It's happening again. Los Angeles residents are stocking up on groceries, putting their cars in their garages and preparing for a weekend at home as the city looks ahead to this weekend's anticipated and dreaded "Carmageddon 2." Or are they?
Like last year's first Carmageddon, a 10-mile stretch of the normally gridlocked Interstate 405 will be shut down this weekend. This time, the closure will enable crews to demolish part of the Mulholland Drive Bridge. I-405 is the most heavily trafficked road in the country.
But unlike last year, the lead-up to Carmageddon 2 has not been accompanied by near-apocalyptic warnings about traffic jams and nightmare delays. Why? Because last year's Carmageddon went so smoothly that it barely made a blip in the city's activities. "People stayed home and had a relaxing weekend instead of driving all over town," Morgan Wyenn, an attorney on the NRDC's L.A.-area Air Quality Project, wrote on the Switchboard blog. "Those brave enough to leave home stayed in their neighborhoods, enjoying local restaurants and parks."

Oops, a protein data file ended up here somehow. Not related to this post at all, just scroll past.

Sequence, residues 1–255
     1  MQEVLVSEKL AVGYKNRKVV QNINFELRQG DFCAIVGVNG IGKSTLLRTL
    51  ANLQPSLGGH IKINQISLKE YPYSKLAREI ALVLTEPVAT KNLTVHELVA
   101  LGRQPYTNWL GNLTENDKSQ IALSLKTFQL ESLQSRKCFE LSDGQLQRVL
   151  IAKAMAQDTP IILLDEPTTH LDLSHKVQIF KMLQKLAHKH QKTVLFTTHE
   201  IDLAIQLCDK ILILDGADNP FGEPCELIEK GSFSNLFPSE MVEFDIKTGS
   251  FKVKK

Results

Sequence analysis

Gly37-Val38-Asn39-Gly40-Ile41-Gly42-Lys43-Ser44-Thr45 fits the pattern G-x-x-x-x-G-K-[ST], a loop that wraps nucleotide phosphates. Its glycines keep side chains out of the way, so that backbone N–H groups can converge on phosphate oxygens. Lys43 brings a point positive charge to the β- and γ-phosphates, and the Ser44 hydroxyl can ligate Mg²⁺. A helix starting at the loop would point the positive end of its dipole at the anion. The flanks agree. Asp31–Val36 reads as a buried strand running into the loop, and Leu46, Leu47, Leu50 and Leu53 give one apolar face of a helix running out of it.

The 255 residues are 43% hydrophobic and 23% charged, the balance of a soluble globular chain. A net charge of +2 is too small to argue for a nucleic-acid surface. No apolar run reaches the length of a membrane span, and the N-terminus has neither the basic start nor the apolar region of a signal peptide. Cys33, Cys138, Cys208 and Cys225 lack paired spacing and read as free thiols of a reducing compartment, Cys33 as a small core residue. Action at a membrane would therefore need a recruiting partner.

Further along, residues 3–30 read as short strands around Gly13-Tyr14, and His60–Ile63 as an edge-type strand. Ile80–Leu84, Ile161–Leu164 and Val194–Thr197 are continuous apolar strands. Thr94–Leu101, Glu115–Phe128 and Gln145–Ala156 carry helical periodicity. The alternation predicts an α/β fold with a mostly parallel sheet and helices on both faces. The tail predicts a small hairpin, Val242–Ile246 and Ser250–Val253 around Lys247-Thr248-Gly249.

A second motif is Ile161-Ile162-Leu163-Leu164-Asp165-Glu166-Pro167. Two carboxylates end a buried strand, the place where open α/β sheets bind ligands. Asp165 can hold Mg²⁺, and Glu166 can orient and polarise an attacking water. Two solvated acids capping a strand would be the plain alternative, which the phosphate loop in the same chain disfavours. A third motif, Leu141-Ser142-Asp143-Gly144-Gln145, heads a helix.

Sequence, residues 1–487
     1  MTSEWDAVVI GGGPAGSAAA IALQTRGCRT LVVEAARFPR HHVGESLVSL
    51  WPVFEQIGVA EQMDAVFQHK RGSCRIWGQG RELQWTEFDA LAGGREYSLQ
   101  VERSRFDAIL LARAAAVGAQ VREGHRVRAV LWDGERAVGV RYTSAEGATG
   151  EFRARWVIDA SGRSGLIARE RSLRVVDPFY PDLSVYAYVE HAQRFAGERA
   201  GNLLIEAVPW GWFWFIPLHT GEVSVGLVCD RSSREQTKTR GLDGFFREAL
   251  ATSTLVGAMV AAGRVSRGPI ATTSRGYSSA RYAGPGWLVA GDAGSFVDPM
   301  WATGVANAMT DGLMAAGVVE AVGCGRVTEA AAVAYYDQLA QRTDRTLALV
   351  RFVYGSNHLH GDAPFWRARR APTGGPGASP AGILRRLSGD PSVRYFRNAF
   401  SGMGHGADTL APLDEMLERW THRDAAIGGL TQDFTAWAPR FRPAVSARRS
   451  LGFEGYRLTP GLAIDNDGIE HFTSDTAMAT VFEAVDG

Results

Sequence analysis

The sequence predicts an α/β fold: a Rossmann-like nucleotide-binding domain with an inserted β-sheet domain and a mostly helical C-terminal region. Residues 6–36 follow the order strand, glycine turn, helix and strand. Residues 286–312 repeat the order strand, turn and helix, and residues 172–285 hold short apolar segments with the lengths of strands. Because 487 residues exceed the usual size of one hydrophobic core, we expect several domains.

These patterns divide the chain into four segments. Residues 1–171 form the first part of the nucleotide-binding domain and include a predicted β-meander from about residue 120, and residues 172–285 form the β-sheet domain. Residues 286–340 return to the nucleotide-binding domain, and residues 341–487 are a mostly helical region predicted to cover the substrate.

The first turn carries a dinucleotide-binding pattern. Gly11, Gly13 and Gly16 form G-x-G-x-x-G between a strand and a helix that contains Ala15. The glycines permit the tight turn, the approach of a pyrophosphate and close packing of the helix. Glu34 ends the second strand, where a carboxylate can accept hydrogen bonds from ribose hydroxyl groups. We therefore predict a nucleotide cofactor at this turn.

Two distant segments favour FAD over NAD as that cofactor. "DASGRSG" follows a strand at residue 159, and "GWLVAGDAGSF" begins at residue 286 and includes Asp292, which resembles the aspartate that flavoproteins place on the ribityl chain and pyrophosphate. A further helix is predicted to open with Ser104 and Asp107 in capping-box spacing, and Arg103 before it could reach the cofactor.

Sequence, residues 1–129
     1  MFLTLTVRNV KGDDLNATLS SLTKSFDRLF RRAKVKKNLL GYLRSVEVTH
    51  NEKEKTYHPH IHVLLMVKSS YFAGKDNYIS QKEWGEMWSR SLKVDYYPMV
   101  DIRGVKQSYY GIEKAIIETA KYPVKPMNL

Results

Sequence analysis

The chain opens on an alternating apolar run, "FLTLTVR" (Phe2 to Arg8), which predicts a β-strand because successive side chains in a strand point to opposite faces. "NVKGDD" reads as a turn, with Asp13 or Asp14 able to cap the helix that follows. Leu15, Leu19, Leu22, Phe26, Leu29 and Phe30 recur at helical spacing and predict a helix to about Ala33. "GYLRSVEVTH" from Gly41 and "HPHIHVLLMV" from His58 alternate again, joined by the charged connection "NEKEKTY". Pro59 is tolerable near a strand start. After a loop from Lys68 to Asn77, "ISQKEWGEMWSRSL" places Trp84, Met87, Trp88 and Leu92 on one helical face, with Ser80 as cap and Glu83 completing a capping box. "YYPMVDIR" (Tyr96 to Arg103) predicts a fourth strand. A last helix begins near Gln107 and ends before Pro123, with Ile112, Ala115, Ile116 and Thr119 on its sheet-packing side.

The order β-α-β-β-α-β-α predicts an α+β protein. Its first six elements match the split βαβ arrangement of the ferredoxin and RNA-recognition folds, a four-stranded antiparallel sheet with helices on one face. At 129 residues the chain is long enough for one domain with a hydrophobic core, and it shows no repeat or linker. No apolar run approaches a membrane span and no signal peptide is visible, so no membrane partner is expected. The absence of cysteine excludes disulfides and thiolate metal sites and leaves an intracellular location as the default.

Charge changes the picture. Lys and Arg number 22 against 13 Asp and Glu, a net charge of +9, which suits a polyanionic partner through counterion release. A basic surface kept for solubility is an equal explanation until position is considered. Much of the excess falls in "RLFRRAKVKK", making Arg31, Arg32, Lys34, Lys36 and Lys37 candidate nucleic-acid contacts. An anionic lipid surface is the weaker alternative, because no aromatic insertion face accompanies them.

Instead of issuing warnings, Los Angeles is trying a different tactic this year: requesting that people be neighborly.
"Threats that it's going to be bumper to bumper are going to be taken as empty threats: people experienced what happened last time and saw that wasn't the case," Martin Wachs, a senior researcher at the RAND Corporation, told the New York Times.
The city is offering a wide range of incentives for the 500,000 motorists who normally travel the 405 every weekend to try something different. Los Angelinos can take advantage of discounts to local restaurants, theaters and museums, which will keep them closer to home and also benefit the local economy. There are also discounts for people who take the train.
There's even a Twitter hashtag, #405things, for people looking for ideas of weekend activities.
One area of traffic remains a concern this year: helicopters. So many TV news choppers hovered above the 405 for hours at a time last year that many residents complained about the non-stop noise. L.A. has responded by asking pilots to fly higher this year and to not hover over peoples' homes, although no specific guidelines have been issued, according to the Los Angeles Times.
This year's Carmageddon begins at 7 p.m. Friday night and is expected to last until 5 a.m. Monday morning. Last year, the roads opened 17 hours ahead of schedule, but this year's job is much bigger and is expected to require the entire weekend.
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